This morning, my friend Chris sent me this poem, which inspired me to write my own poem.
To Be of Use
by Marge Piercy
The people I love the best
jump into work headfirst
without dallying in the shallows
and swim off with sure strokes almost out of sight.
They seem to become natives of that element,
the black sleek heads of seals
bouncing like half-submerged balls.
I love people who harness themselves, an ox to a heavy cart,
who pull like water buffalo, with massive patience,
who strain in the mud and the muck to move things forward,
who do what has to be done, again and again.
I want to be with people who submerge
in the task, who go into the fields to harvest
and work in a row and pass the bags along,
who are not parlor generals and field deserters
but move in a common rhythm
when the food must come in or the fire be put out.
The work of the world is common as mud.
Botched, it smears the hands, crumbles to dust.
But the thing worth doing well done
has a shape that satisfies, clean and evident.
Greek amphoras for wine or oil,
Hopi vases that held corn, are put in museums
but you know they were made to be used.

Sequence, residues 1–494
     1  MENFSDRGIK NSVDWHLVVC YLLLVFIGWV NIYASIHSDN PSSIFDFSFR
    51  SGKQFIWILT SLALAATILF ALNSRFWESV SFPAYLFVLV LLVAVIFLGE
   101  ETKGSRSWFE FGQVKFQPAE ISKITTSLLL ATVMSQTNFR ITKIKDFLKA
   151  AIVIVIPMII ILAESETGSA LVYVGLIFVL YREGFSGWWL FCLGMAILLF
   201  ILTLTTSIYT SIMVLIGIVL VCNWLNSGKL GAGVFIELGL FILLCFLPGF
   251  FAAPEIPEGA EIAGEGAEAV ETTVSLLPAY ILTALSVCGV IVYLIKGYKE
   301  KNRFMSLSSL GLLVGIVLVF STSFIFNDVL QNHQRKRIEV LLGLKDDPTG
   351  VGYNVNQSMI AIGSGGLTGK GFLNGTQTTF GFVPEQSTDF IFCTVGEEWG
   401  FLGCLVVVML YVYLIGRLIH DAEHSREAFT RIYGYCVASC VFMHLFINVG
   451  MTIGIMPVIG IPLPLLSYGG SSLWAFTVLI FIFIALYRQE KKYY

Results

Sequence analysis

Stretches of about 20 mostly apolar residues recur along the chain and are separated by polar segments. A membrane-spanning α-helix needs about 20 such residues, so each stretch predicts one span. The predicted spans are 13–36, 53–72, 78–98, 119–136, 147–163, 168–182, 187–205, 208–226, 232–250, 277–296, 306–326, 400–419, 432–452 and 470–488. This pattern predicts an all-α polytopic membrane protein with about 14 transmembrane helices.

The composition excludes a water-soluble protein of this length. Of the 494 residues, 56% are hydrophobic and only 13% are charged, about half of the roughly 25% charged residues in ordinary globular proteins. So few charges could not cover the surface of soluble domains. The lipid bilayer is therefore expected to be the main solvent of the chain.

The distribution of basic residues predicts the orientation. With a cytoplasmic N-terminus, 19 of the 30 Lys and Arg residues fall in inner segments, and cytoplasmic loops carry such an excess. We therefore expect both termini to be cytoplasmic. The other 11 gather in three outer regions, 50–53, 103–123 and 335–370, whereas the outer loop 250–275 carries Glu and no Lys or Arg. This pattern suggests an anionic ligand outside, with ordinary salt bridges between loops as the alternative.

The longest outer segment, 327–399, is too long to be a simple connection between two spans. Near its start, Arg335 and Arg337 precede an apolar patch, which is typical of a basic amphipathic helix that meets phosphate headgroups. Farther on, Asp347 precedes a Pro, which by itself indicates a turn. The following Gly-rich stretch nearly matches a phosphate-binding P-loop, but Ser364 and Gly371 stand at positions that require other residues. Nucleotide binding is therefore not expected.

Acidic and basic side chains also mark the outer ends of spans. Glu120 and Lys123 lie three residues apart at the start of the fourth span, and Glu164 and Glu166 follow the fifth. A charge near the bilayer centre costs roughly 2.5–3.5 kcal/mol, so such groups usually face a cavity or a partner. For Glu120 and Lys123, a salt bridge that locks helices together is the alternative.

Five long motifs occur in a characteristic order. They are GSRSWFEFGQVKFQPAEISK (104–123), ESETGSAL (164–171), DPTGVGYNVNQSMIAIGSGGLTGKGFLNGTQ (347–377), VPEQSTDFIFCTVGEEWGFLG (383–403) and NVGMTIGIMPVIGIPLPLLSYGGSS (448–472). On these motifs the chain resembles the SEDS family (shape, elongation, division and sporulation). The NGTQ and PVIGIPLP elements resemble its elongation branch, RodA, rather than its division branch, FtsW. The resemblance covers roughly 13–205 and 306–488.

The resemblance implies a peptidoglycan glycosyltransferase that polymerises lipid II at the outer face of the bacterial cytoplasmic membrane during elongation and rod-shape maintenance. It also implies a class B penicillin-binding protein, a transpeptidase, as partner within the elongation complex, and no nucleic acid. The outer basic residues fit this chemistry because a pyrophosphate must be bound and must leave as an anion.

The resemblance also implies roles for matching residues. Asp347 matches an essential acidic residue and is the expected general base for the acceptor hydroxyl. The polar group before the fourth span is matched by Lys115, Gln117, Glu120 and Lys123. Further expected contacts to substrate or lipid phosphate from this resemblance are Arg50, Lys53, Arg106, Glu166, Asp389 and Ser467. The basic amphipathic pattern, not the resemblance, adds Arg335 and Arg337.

The pitcher cries for water to carry
and a person for work that is real.
by Nicole Dunn
I want to invest in people
who can keep up with me
or lead the way;
who aren’t intimidated by how I show up;
who don’t feel it necessary to cut me down
in order to make them self feel better;
who have strong backs
and soft hearts, like me.
I want to associate with people
who know what their work is – and do it;
who don’t consider it bad ass that I
ride a motorcycle or play drums like I meant it;
who make it no big deal that I do what I do;
who can grow and shine their own light
and not shrink or shirk away
in the presence of mine.
(NOTE: The “strong backs and soft hearts” is based on a core teaching of Roshi Joan’s “strong back, soft front.”)